Some farmers are working with—and getting paid for—a new kind of crop, although it doesn’t result in a saleable product and, in fact, results in a net loss: of carbon. Grants are now available in Marin County, CA, to encourage “carbon farming,” or sequestering carbon in the soil through various practices.
This isn’t exactly a new concept; the techniques used for carbon farming are pretty much the same as those used to promote healthy soil, but the California Coastal Conservancy and the Marin Resource Conservation District, which are providing and administering $200,000 in grants, are promoting them in a new way. And in too many places they’re not being practiced at all. Some of those techniques are simply growing plants—including cover crops—that take carbon dioxide from the air and transfer it to the soil, using compost and mulch, and using different grazing practices. (Incidentally, this week, May 7–13, is Compost Awareness Week—you can read more at compostfoundation.org.)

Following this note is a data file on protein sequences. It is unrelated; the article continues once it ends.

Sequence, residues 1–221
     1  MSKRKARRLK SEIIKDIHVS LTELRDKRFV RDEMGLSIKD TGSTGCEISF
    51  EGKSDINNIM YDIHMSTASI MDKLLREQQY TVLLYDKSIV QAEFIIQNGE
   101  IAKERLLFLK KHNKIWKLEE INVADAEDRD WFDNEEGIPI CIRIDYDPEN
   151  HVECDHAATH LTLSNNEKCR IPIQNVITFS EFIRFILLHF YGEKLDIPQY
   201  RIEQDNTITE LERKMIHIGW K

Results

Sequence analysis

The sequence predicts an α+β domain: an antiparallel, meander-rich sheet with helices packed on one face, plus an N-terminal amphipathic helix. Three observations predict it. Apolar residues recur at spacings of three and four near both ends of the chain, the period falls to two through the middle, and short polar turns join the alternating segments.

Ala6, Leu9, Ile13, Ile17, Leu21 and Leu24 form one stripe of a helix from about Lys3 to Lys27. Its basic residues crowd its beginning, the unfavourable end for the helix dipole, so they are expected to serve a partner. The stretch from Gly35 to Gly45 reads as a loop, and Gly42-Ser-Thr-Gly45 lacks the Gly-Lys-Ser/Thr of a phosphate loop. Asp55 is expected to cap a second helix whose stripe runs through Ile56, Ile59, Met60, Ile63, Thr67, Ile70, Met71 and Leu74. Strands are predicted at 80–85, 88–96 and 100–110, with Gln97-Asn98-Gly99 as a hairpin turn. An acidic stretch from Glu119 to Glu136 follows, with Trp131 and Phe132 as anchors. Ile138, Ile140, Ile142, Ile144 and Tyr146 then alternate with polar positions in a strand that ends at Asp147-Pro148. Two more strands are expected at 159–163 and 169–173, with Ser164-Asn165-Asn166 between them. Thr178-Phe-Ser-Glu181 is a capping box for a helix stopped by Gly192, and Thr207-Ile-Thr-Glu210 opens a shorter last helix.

Learn from the best – join us at StormCon, The North American Surface Water Quality Conference & Expo! We’ll be in beautiful Bellevue, WA (just outside Seattle) this August 27-31 and your peers from around the country will be there. Loads of classes, workshops & field trips to choose from. Check out the program here!
As this article notes, it’s estimated that we’ve lost 50–80% of the world’s topsoil in the last 150 years, and that “more than a third of the carbon dioxide added to the atmosphere during that time has come from changes in land use.”
In Marin County, testing will continue for a decade to measure baseline levels of organic carbon in the soil, compared to levels at one, three, five, and 10 years from the project’s start. Statewide, about $7.5 million will be made available through the Department of Food and Agriculture for a similar demonstration and incentive program, part of the Healthy Soils Initiative.
The Marin Resource Conservation District points out other benefits, in addition to carbon sequestration: healthier soils have less runoff of water and nutrients; can absorb more moisture, some of which eventually makes its way to the aquifers; and, not least, increases productivity of the land for the farmers.